British teeth are not famed for their beauty. There are countless jokes about British teeth on television and at comedy clubs. Even in Mexico, protruding, discolored and generally unfortunate teeth are known as “dientes de ingles.”
A serious shortage of dentists in England, however, is causing this stereotype to become reality. The New York Times (“In a dentist shortage…“) reports that:
“You could argue that Britain has not seen lines like this since World War II,” said Mark Pritchard, a member of Parliament who represents part of Shropshire, where the situation is just as grim. “Churchill once said that the British are great queuers, but I don’t think he meant that in connection to dental care.”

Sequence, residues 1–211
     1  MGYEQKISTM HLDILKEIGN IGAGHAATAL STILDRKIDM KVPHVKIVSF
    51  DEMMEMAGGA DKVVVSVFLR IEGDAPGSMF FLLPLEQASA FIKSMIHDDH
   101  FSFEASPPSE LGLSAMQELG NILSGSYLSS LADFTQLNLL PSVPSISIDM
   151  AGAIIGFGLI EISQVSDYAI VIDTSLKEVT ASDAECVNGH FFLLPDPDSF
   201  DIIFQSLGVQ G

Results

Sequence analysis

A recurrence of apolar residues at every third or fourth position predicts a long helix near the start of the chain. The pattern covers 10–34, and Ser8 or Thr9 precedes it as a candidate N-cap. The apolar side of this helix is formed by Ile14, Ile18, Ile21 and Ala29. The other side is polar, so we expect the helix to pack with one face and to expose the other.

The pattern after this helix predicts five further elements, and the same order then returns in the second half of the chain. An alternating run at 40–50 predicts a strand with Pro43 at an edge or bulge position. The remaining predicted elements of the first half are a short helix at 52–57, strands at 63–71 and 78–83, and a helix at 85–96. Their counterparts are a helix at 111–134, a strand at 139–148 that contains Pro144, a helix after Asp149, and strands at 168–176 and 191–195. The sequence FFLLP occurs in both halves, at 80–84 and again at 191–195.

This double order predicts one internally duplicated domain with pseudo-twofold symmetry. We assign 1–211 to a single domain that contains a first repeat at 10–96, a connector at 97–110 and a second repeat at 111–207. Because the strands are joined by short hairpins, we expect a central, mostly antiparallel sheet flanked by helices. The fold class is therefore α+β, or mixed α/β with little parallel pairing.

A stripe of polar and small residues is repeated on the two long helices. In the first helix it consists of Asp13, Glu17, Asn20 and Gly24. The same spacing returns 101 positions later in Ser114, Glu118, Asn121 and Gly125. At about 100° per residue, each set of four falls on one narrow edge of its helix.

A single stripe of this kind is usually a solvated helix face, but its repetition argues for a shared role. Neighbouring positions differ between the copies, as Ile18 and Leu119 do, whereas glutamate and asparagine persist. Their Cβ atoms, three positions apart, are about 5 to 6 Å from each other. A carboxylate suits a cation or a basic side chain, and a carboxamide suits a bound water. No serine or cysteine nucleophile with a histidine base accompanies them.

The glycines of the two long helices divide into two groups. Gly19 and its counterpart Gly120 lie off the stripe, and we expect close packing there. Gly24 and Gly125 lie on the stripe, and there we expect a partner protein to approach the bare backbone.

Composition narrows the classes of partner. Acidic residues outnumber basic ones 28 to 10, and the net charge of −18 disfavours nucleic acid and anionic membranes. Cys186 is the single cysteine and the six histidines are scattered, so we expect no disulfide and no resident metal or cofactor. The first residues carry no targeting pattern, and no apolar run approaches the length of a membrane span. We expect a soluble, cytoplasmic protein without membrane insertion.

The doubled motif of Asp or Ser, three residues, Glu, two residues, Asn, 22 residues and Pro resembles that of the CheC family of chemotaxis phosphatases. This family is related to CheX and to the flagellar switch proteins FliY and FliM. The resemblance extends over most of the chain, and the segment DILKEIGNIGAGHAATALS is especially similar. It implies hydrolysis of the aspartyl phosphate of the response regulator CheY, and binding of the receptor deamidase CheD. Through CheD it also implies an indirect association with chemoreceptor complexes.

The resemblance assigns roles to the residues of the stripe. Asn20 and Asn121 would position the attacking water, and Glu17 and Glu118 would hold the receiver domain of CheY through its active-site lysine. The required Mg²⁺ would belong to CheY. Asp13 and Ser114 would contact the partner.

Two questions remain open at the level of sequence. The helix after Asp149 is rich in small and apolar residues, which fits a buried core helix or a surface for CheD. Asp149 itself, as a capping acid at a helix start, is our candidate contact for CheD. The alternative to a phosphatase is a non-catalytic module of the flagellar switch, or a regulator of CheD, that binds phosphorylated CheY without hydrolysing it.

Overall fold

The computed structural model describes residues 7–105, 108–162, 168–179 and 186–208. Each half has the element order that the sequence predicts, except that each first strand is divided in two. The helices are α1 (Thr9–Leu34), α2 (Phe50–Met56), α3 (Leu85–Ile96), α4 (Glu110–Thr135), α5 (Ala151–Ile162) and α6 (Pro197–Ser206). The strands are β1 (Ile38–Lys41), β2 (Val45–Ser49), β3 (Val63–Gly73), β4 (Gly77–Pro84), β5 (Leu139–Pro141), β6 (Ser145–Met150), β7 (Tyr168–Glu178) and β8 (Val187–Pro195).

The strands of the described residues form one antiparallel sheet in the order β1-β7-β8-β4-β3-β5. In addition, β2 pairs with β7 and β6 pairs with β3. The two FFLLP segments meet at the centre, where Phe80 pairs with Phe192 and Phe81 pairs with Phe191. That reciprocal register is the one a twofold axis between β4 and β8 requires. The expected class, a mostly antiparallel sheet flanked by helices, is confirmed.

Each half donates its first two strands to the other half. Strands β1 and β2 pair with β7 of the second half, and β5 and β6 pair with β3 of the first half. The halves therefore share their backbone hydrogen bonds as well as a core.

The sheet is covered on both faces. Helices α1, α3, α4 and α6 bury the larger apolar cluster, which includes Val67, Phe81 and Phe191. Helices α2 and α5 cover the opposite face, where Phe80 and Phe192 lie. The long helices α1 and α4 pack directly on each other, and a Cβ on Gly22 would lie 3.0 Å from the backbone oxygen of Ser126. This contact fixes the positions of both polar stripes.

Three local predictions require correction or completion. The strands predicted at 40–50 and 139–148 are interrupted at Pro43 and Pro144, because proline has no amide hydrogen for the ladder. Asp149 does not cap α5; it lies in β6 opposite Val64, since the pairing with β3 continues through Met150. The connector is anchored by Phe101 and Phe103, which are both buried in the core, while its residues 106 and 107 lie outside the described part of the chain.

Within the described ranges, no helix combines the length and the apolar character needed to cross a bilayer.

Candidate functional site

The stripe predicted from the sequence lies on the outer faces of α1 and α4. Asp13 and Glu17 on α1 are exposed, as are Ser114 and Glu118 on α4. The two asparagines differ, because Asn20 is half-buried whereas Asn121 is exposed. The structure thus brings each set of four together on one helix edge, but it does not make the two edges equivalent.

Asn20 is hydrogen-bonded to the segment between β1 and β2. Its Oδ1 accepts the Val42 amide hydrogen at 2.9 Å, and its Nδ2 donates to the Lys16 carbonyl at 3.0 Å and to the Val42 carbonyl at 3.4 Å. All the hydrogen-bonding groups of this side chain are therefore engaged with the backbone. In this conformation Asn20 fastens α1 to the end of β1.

Why are these shortages absent occur in the U.S. market in the long-run? Since providers are free to charge any amount for their services, a short-run dentist shortage would allow the current stock of dentists to raise their prices temporarily. As dentist’s earnings increase, more individuals will be attracted to the field of dentistry. The supply of dentists will eventually increase and price will be driven down. Shortages can occur in the U.S. since the government–through Medicare and Medicaid–control prices for a significant portion of medical expenses; nevertheless the government involvement in American medicine is certainly more ‘hands-off’ than its European counterpart.